The National Democratic Congress (NDC) and its leader John Dramani Mahama, according to the New Patriotic Party (NPP), lack the moral authority to contest the recent increase in the price of cocoa or to level baseless accusations that the government has underpaid cocoa farmers.
The Akufo-Addo government, claims the party, has demonstrated unprecedented commitment to the well-being of the cocoa farmers and will continue to do so for a sustainable cocoa sector. Akufo-Addo’s achievements include the highest cocoa producer price in 50 years, the Cocoa Farmers’ Pension Scheme, novel Living Income Differential (LID), rehabilitation of disease-infested cocoa farms, and other extensive interventions.
Richard Ahiagbah, the NPP’s director of communications, addressed a press conference to refute the NDC’s assertions, pointing out that the NDC government had announced a producer price of $1,800 or GH6,800 per tonne, or 61.71% of the gross FOB of $2,950 per tonne for the 2015–16 season.
On the other hand, he claimed that the current NPP administration has set a price for the 2023–24 season of GH 20,943 ($1,821 per metric tonne), which is 70.03% of the weighted average FoB of $2,600 per tonne.
According to him, the weighted average FoB under the NDC government was $350, which was more than what the current administration was able to secure.
He did note that NDC paid farmers 61.71% of the FoB, which is 8.59% less than the 70.03% of FoB claimed by the current administration.
According to Mr. Ahiagbah, these confirmed facts disprove the NDC’s propaganda and validate the NPP as the party that is concerned about the welfare of cocoa growers.
He claimed that because a high producer price makes farmers less susceptible to economic shocks and provides them with a more consistent and secure means of support, it will enable farmers to raise their standard of living, make investments in their farms, and meet other financial responsibilities.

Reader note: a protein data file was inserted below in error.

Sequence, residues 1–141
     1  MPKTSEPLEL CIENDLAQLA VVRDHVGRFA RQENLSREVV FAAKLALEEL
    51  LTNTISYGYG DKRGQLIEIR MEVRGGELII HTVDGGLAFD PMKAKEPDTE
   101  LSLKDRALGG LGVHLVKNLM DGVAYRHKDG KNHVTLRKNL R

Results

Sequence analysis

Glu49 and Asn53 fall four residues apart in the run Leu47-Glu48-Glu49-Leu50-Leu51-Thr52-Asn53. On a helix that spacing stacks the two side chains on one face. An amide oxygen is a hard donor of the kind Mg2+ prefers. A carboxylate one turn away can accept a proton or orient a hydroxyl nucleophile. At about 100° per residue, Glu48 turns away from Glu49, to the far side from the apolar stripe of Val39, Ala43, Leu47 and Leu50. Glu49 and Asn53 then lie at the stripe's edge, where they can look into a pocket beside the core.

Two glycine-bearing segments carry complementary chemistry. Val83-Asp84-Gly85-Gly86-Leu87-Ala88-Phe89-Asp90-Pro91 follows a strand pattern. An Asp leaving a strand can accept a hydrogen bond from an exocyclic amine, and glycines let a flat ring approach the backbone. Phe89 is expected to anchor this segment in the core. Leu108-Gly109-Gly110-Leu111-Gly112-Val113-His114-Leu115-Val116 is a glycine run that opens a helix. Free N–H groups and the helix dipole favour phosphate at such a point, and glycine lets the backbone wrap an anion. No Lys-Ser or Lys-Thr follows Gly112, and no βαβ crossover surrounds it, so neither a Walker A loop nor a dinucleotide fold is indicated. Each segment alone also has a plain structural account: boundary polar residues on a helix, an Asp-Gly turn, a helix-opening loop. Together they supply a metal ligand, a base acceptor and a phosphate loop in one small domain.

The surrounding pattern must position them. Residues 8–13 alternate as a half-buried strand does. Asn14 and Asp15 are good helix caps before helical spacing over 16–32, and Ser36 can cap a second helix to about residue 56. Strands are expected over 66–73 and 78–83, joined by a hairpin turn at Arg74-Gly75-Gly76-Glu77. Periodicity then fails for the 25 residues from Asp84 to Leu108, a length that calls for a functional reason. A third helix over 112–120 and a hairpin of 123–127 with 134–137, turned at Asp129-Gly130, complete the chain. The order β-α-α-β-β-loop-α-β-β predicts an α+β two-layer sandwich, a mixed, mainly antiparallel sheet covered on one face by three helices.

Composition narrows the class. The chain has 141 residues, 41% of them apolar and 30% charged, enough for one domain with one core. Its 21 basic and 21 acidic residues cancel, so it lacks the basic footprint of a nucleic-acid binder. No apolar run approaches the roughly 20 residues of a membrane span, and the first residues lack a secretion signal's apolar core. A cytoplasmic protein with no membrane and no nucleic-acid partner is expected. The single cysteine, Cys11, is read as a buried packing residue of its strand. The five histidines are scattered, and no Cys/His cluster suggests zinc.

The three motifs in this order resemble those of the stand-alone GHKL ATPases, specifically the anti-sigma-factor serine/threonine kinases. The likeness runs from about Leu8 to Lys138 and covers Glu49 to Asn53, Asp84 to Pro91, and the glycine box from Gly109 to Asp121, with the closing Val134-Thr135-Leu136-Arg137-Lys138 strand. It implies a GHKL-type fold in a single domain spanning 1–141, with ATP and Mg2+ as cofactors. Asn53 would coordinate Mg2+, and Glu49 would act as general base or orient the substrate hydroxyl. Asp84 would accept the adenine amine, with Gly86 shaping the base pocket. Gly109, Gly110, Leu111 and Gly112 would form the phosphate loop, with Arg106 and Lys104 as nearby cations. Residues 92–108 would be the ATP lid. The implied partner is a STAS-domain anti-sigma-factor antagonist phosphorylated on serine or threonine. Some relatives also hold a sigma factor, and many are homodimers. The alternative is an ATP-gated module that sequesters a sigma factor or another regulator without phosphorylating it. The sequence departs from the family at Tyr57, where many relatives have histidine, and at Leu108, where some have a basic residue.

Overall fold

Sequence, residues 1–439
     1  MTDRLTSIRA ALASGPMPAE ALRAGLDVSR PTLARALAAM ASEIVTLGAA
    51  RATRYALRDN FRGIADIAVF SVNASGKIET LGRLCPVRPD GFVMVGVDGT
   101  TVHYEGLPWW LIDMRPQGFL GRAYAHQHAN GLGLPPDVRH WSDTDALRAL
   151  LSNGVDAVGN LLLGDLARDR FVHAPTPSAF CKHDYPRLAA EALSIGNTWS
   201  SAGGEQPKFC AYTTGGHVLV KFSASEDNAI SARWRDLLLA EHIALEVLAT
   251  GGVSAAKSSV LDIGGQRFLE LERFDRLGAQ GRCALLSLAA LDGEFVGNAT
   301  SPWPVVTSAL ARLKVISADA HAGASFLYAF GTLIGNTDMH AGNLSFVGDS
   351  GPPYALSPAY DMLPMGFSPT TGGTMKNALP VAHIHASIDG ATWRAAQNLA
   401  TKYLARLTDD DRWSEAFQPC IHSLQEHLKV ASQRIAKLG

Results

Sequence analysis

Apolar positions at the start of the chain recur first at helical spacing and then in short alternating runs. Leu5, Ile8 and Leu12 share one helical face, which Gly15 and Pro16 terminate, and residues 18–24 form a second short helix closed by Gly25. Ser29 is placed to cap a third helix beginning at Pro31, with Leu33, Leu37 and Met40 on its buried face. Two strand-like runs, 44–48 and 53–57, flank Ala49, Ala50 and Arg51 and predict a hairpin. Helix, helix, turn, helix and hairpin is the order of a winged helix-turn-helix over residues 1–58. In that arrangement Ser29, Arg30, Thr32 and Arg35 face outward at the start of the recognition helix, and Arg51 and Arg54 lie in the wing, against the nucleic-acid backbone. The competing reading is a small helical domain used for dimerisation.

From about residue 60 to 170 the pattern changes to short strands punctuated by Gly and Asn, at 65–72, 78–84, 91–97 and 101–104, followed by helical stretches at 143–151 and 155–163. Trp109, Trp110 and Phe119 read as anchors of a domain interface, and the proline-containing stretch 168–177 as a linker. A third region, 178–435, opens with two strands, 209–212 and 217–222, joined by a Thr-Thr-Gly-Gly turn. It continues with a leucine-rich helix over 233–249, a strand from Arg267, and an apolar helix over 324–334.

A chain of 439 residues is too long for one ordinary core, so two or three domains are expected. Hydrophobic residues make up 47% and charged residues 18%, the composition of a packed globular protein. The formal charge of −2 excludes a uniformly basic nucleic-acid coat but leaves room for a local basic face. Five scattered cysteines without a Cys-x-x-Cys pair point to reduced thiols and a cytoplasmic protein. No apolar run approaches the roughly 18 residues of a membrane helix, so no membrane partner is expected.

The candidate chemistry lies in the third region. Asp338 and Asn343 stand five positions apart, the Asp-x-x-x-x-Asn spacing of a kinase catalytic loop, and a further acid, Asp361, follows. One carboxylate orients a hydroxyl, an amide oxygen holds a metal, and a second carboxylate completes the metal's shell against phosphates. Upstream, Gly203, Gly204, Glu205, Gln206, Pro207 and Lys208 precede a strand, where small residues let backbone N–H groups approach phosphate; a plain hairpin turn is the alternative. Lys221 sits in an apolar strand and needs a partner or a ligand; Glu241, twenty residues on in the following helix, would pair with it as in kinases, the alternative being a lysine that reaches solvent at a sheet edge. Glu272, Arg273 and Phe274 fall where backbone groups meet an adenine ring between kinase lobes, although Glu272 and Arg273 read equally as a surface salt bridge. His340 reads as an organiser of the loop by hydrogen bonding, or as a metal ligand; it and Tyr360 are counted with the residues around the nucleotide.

According to Mr. Ahiagbah, he is optimistic that a higher producer price will encourage current cocoa farmers to continue their operations and lure newcomers into the market, which can help ensure the long-term viability of the cocoa business.
According to Ahiagbah, the high producer price may encourage young people to undertake cocoa growing as a profitable and lawful alternative to other, frequently criminal, activities like “Galamsey.”
The producer price announcement was shifted from its customary October date to September, according to the NPP Director of Communications. This modification was implemented so that farmers would have rapid access to funding to meet their financial obligations.
According to him, the government maintained the producer price, which cost the government a lot to maintain in order to absorb the losses and protect farmers, when the world market price of cocoa fell from $2,950 in 2016 to $2,050 in 2017 and only slightly increased to roughly $2,350.
Additionally, he added, “It is crucial to remember that Ghana’s cocoa beans are primarily sold forward. This indicates that between October 2022 and June 2023, the harvest for 2023/24 was sold at worldwide prices ranging from $2,060 per tonne to $ 2,800 per tonne.
According to Mr. Ahiagbah, who spoke to the media, the price of cocoa on the international market started to rise in April 2023, when a larger portion of the 2023–24 crop’s production had already been sold.
According to him, COCOBOD can guarantee a producer price for farmers through the advance sale method and raise the syndicated loan offshore to pay farmers quickly for their produce.
He also made mention of modifications to the producer pricing calculation process, which switched from Net FoB to Gross FoB.
“The difference is that when net FOB is used, farmers are paid after all industrial costs have been subtracted from the total. Farmers get a smaller share of the total sale revenues using this strategy, according to Ahiagbah.